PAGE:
Ms. Stausboll said that the authorities’ often overly rosy projections during the past week left many shipowners confused about what to believe. “A lot in the shipping community would wish there had been more clarity about what was going on in Egypt from the authorities,” she said. “It does harm your reputation.”
In the absence of a faster, cheaper option, however, the Suez Canal will remain a key artery for shippers, she said. And she pointed out that most ships, including large ones, have navigated the canal without incident in the past.
Shippers have, in any case, a more pressing concern: how to resolve the chain reaction of delays that may ripple out for weeks or months even after the Suez backlog clears, as it was beginning to do by Monday night.
The first ship to pass through the canal after the Ever Given got out of the way was the YM Wish, a 1,207-foot-long Hong Kong-flagged container ship that exited the canal at about 9:15 p.m.
If there is schadenfreude among ships, the YM Wish was perhaps not feeling it. VesselFinder.com reported the YM Wish ran aground in the Elbe River in Germany only six years ago. In its case, however, it took less than a day to float again.
Marc Santora contributed reporting from London, Nada Rashwan from Ismailia, Egypt, and Thomas Erdbrink from Amsterdam.
MANSHIYET RUGOLA, Egypt — The gargantuan container ship that has blocked world trade by getting stuck aslant the Suez Canal has towered over Umm Gaafar’s dusty brick house for four days now, humming its deep mechanical hum.
She looked up from where she sat in the bumpy dirt lane and considered what the vessel, the Ever Given, might be carrying in all those containers. Flat-screen TVs? Full-sized refrigerators, washing machines or ceiling fans? Neither she nor her neighbors in the hamlet of Manshiyet Rugola, population 5,000-ish, had any of those at home.
“Why don’t they pull out one of those containers?” joked Umm Gaafar, 65. “There could be something good in there. Maybe it could feed the town.”
The Japanese-owned Ever Given and the nearly 300 cargo ships now waiting to traverse the Suez Canal, one of the world’s most critical shipping arteries, could supply Manshiyet Rugola many, many times over.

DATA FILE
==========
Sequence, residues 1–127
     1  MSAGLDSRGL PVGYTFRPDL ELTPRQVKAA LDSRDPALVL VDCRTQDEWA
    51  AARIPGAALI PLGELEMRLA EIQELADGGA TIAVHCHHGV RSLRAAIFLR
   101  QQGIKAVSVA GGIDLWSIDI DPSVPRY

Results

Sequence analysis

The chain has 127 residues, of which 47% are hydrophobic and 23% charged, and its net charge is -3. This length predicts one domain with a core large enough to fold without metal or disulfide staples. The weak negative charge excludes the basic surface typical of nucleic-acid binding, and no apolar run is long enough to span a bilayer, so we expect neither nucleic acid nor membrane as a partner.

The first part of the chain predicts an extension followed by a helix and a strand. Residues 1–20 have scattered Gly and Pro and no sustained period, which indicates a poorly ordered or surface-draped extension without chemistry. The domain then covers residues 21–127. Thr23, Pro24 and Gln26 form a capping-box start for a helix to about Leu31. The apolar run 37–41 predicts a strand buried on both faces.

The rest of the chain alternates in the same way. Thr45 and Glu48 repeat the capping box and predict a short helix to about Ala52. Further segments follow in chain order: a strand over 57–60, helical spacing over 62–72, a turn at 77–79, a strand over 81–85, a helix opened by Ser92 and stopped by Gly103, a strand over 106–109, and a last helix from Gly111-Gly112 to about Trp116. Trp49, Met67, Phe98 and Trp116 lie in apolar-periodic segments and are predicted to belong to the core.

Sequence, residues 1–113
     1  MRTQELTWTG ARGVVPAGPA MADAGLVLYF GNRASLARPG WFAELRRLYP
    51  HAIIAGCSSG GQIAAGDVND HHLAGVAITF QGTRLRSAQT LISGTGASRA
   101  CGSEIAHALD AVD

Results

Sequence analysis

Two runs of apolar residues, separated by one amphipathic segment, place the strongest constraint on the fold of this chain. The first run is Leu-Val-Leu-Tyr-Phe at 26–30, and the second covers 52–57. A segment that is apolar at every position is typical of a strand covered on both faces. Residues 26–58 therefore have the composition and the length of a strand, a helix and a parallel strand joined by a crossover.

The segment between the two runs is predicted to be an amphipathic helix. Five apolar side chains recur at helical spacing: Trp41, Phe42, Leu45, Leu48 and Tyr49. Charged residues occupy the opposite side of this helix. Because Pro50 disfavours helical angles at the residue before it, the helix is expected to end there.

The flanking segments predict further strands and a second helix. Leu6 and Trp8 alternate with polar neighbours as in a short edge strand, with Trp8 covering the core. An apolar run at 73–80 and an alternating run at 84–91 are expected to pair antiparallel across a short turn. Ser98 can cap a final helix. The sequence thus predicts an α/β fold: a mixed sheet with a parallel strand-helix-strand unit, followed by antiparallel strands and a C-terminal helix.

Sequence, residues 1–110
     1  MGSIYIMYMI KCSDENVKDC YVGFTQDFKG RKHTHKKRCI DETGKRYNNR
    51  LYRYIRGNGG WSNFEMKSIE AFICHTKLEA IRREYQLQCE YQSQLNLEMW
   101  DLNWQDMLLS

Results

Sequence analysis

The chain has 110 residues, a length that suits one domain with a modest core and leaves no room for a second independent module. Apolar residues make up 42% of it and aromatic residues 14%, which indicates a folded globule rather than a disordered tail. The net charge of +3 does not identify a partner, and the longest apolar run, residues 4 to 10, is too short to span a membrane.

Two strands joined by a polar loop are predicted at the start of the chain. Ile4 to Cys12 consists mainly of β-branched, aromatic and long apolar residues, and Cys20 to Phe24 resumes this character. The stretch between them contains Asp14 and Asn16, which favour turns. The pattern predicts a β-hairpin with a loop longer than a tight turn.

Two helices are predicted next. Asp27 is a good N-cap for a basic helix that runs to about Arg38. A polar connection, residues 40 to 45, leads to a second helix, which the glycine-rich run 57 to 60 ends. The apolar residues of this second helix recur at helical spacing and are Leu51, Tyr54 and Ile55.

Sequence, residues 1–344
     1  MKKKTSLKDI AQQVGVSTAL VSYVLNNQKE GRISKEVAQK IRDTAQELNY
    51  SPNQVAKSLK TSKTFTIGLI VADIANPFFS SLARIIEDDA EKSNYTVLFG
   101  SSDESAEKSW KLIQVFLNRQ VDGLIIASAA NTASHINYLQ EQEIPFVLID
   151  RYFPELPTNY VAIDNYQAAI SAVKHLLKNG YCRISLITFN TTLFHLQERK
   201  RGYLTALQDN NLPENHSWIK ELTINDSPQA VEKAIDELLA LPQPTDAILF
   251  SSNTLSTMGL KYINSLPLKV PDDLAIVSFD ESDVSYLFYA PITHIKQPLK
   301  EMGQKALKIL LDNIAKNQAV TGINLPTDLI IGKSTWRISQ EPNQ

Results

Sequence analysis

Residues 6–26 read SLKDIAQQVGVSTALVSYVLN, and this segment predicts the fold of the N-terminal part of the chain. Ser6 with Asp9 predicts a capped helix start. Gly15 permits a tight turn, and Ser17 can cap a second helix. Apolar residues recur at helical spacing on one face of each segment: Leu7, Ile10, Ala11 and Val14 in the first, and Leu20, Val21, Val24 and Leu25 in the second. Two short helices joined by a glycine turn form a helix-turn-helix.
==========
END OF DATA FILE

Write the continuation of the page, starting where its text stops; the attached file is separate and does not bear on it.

ran aground on Tuesday, blocking all shipping traffic through the canal, global supply chains churned closer to a full-blown crisis.
Already, shipping analysts estimated, the colossal traffic jam was holding up nearly $10 billion in trade every day.
“All global retail trade moves in containers, or 90 percent of it,” said Alan Murphy, the founder of Sea-Intelligence, a maritime data and analysis firm. “So everything is impacted. Name any brand name, and they will be stuck on one of those vessels.”
take the long way around the southern tip of Africa, a journey that could add weeks to the journey and cost more than $26,000 per extra day in fuel costs.
In Manshiyet Rugola, whose name translates to “Little Village of Manhood,” traffic jams of any kind would be difficult to imagine in usual times.
Donkey carts piled high with clover bumped down semi-paved lanes between low brick houses and green fields lined with palm trees, trash and animal dung. A teenager hawked ice cream from his motorcycle. Roosters offered profane competition to the noontime call to prayer. Until the Ever Given showed up, the minarets of the unimposing mosques were the tallest structures around.
“Do you want to see the ship?” a young boy asked a pair of visiting journalists, bobbing in excitement under the window of their car. Ever since the earthquake-like rumble of the ship running aground jolted many awake around 7 a.m. Tuesday, the Ever Given had been the only topic in town.
“The whole village was out there watching,” said Youssef Ghareeb, 19, a factory worker. “We’ve gotten so used to having her around, because we’ve been living on our rooftops just watching the ship for four days.”
It was universally agreed that the view was even better at night, when the ship glowed with light: a skyscraper right out of a big-city skyline, lying on its side.
“When it lights up at night, it’s like the Titanic,” said Nadia, who, like her neighbor Umm Gaafar, declined to give her full name because of the security forces in the area. “All it’s missing is the necklace from the movie.”
Umm Gaafar had asked to go by her nickname so as not to run afoul of the government security personnel who had passed through, warning residents not to take photos of the canal and generally spreading unease. Nadia said she was too intimidated to take pictures of the ship at night, though she badly wanted to.
Villagers and shipping analysts had the same question about the Ever Given, if rooted in different expertise. The ship’s operators have insisted that the ship ran aground because of the high winds of a sandstorm, with the stacked containers acting like a giant sail, yet other ships in the same convoy passed through without incident. So had previous ships in previous storms, the villagers pointed out.
“We’ve seen worse winds,” said Ahmad al-Sayed, 19, a security guard, “but nothing like that ever happened before.”
Shipping experts said the wind might well have been the major factor, exacerbating other physical forces, but suggested that human error may also have come into play.
“I am highly questioning, why was it the only one that went aground?” Captain Foran said. “But they can talk about all that later. Right now, they just have to get that beast out of the canal.”
Nada Rashwan contributed reporting.